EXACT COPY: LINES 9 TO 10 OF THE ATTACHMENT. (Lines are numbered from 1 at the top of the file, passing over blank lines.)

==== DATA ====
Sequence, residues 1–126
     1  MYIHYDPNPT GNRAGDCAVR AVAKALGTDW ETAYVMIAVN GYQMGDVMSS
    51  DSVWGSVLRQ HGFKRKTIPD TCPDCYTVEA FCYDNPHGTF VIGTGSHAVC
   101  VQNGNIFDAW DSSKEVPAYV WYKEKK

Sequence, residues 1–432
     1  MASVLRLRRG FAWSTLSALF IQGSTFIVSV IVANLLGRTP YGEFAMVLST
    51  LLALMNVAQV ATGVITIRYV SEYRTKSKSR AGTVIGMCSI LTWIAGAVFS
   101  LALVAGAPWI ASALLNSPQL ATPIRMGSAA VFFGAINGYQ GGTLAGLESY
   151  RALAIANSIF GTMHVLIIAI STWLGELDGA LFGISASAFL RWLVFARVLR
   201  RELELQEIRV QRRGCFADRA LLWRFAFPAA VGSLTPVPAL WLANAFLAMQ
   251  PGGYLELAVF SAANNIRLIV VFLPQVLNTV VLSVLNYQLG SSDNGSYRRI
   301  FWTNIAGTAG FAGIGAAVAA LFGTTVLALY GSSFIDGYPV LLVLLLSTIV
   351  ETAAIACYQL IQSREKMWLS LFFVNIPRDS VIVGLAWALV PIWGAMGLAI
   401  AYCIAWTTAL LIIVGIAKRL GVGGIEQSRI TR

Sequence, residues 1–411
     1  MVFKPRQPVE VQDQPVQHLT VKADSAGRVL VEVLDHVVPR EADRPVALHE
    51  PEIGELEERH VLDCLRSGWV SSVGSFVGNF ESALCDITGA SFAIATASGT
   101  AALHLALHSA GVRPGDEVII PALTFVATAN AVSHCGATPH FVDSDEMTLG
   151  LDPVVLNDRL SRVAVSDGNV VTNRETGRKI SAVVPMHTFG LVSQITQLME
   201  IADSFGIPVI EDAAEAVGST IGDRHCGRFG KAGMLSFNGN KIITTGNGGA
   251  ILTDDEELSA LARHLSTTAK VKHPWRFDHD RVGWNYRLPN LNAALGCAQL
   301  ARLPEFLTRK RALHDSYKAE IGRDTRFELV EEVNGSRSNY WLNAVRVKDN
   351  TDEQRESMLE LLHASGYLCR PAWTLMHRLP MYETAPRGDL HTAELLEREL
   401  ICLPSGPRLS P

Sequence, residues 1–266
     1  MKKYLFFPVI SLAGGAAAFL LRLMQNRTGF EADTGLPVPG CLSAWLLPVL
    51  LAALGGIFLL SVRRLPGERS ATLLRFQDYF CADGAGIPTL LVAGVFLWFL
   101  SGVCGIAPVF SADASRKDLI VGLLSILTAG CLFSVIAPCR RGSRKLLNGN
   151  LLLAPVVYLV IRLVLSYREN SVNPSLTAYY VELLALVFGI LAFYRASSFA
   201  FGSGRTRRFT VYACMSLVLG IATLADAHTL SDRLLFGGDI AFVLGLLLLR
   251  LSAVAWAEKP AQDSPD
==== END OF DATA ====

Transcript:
   151  RALAIANSIF GTMHVLIIAI STWLGELDGA LFGISASAFL RWLVFARVLR
   201  RELELQEIRV QRRGCFADRA LLWRFAFPAA VGSLTPVPAL WLANAFLAMQ